Note: Remember that “Domain Computers” is exactly that – the computers in your current domain. If you have multiple domains, or trusts, and if you cross link any GPOs across those boundaries, you will also need to add the other domains “Domain Computers” group to the policies as well.
Strategy 3: Use your own custom groups. If you would like to granulize exactly which computers the user policy is able to be applied to, you will want to have your own custom AD security groups populated with those computer accounts.
As my lab is a single forest, single domain with no trusts, I’ve chosen to use “Domain Computers” for the rest of this article. Any PowerShell code or step by step instructions are the same whether you use “Authenticated Users”, “Domain Computers” or your own custom groups. Simply replace any instance where I use “Domain Computers” with the group you are intending to use.
Ok, I’m ready. Let’s fix it.
Great. Now that you’ve chosen a strategy that works for you, let’s begin.
Option 1: The “Just fix it already” option
Very simple and straight forward. Get a list of all the GPOs in the domain, and add “Domain Computers” to have read permissions. This script doesn’t distinguish between user policies, computer policies, scoped, not scoped.
$gpos = get-gpo -all
foreach ($gpo in $gpos)
Set-GPPermissions -Name $gpo.DisplayName -PermissionLevel GpoRead -TargetName “Domain Computers” -TargetType Group
That’s it! You’ve just added the “Domain Computers” group for the current domain to have GPORead permissions on all your GPOs currently in the domain. If you have other domains and are cross linking GPOs to the other domains, don’t forget to add the “Domain Computers” groups for those domains as well.
Option 2: I want to be more detailed than that. Can I get a list of all the GPOs that need my attention?
Of course. In fact, our product group published this very fine script here. This script searches for GPOs that are missing the “Authenticated Users” permissions, and prompts you to automatically fix them. Looking at the code, you could easily adjust this to use “Domain Computers” or whatever group you find appropriate in your environment.
Option 3: I prefer the personal touch with my policies
That’s the same way I prefer my fresh home baked cookies. No machinery or automation here. Start from the Delegation tab of the policy. Click Add, find the group, and make sure the permissions are Read. Easy. Now do that for each user policy.
Option 4: AGPM! Wait, I have AGPM!
If you already use AGPM to manage your policies, you can use the Production Delegation tab in AGPM to update the security on any GPOs you deploy going forward. See the AGPM section below for details.
Ok I fixed it, so I’m done right?
Temporarily. Our group policy tools GPMC and AGPM will continue to create GPOs using the default permissions I showed at the beginning of this article. As you create new user GPOs, and you scope them to specific user groups, you’ll need to continue to remember to add the appropriate groups to those GPOs before it can be processed.
If you are using a 3rd party tool to create and manage your GPOs, you’ll want to reach out to that vendor to see how their product is affected and if any change is needed to your policy creation and deploy process.
Remember: If you didn’t use “Authenticated Users” and you add additional domains to your forest, and if you are cross-linking GPOs between domains in your forest (the GPO exists in Domain1 and is linked to OUs in Domain2), be sure to remember you will need to grant the new domains “Domain Computers” or your custom group to the policy before it will have access in the new domain.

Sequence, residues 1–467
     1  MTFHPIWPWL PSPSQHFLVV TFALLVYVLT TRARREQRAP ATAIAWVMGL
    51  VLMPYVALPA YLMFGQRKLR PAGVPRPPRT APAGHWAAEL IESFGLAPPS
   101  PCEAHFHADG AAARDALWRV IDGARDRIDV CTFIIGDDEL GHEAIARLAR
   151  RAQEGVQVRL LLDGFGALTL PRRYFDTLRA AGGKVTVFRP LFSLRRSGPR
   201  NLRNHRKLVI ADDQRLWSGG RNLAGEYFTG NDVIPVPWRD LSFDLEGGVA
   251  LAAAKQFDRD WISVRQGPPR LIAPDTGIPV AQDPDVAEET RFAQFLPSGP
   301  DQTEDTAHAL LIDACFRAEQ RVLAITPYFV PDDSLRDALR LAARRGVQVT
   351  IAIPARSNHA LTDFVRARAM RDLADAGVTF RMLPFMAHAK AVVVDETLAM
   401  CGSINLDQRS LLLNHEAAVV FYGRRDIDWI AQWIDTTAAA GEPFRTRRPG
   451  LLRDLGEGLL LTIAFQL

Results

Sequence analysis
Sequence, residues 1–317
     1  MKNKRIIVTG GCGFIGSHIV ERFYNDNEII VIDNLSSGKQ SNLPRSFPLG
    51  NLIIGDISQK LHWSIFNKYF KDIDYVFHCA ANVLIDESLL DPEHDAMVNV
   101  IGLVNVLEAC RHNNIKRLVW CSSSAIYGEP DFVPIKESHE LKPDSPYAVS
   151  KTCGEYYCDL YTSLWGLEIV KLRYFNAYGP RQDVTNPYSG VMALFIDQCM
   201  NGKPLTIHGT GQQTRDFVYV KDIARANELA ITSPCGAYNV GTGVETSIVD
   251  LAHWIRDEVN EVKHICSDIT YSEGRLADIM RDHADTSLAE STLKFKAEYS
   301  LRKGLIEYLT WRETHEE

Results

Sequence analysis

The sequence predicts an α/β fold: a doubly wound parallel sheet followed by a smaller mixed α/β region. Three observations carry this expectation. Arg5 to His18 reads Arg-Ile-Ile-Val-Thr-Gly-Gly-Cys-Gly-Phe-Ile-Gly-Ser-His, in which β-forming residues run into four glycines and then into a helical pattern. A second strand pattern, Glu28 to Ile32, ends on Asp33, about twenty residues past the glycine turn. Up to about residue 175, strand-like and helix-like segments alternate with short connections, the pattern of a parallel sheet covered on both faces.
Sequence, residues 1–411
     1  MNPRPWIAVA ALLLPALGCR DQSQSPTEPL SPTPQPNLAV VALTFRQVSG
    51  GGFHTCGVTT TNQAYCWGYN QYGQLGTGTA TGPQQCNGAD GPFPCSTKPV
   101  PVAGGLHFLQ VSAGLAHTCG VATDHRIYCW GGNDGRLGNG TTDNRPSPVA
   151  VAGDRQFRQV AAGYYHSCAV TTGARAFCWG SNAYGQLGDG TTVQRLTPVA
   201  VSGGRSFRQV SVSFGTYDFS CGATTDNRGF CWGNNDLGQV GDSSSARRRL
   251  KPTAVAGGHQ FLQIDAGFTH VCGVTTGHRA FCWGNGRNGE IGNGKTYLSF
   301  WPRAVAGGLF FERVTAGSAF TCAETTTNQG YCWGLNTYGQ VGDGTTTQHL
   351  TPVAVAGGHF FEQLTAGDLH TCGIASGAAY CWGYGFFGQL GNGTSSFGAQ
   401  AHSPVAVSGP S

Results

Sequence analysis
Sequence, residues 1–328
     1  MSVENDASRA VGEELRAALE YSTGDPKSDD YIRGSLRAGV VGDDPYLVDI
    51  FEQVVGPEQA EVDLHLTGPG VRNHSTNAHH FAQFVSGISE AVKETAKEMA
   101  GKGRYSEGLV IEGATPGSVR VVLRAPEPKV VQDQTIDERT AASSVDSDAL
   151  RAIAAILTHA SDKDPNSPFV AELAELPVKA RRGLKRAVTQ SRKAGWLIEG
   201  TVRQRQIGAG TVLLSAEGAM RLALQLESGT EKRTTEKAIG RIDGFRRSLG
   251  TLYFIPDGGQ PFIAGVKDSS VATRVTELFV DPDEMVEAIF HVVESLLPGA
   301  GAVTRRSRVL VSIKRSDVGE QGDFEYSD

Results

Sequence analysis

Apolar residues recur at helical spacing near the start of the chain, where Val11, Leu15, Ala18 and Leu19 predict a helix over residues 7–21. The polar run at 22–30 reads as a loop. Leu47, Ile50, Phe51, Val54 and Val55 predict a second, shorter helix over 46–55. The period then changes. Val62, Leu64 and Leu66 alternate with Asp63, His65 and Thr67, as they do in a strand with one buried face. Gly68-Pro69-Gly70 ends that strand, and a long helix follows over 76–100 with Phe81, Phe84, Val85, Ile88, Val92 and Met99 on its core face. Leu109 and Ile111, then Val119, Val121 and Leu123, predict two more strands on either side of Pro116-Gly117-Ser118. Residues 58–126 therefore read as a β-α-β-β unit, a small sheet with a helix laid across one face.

Do you use Deny:Read permissions on some of your GPOs? Read this.
When you grant the computer the ability to Read the GPOs, if your user account is in a group that grants apply rights, and in a group that denies read rights, previous to MS16-072 the user would not get the policy. Since the Read is now done by the computer context, there is a possibility that the user will now get the GPO when that is not your intention.
To fix this, update the permissions on any GPO where you are doing Deny:Read to also include Deny:Apply.
Using AGPM? Look here for some important information
Once you’ve installed the patches for MS16-072, if you are using AGPM you’ll want to make some changes here as well.
First, very important, make sure you reimport your GPOs into the AGPM database. Trust me, do this. We’ve already received reports from customers that did NOT do this step, and it caused some serious problems when they went to deploy later. This makes sure we have the latest copy of the production GPOs. Do it. Right now. I’ll wait.
All reimported? Good.
Now that you’ve reimported your GPOs in AGPM, lets configure AGPM so that it knows of the new permissions and deploys the correct security settings going forward.
From the AGPM module, select the Production Delegation tab. We need to grant “Domain Computers” Read permissions.
Only grant Read permissions.
Confirm the settings.
Now that the delegation settings are correct, redeploy your GPOs. This will make sure the permissions apply. Select all the GPOs you need, right click and Deploy.
Boom. Victory! We see that “Domain Computers” is here, “User Group 1” is the group that is scoped to apply these settings, and “User Group 2” is the group we specifically Denied Read and Apply permissions earlier.
One more thing
We also released MS16-075 / KB 3161561 in June 2016 to patch some SMB items. SYSVOL and Netlogon use SMB. There have been reports of users getting Access Denied when trying to access \\domain.fqdn\sysvol or \\domain\sysvol.
If you are experiencing this error, the current workaround is to set the SmbServerNameHardeningLevel registry value to 0 on the DCs. It is not needed on the other servers. If you experience this issue on other DFS servers, see the KB for the updated workaround info for those servers. Specifics are detailed in the KB 3161561 article.
Our Directory Services team has also published information about this update on their blog. If you have any questions, be sure to check there too.
Until next time,
Premier Field Engineer, Secure Infrastructure